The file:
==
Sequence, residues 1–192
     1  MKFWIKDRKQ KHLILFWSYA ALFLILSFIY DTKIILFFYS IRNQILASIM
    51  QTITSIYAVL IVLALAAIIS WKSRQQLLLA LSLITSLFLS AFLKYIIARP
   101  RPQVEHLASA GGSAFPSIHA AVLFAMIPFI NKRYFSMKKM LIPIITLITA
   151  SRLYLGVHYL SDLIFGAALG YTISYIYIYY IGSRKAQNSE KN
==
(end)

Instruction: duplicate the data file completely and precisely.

Sequence, residues 1–192
     1  MKFWIKDRKQ KHLILFWSYA ALFLILSFIY DTKIILFFYS IRNQILASIM
    51  QTITSIYAVL IVLALAAIIS WKSRQQLLLA LSLITSLFLS AFLKYIIARP
   101  RPQVEHLASA GGSAFPSIHA AVLFAMIPFI NKRYFSMKKM LIPIITLITA
   151  SRLYLGVHYL SDLIFGAALG YTISYIYIYY IGSRKAQNSE KN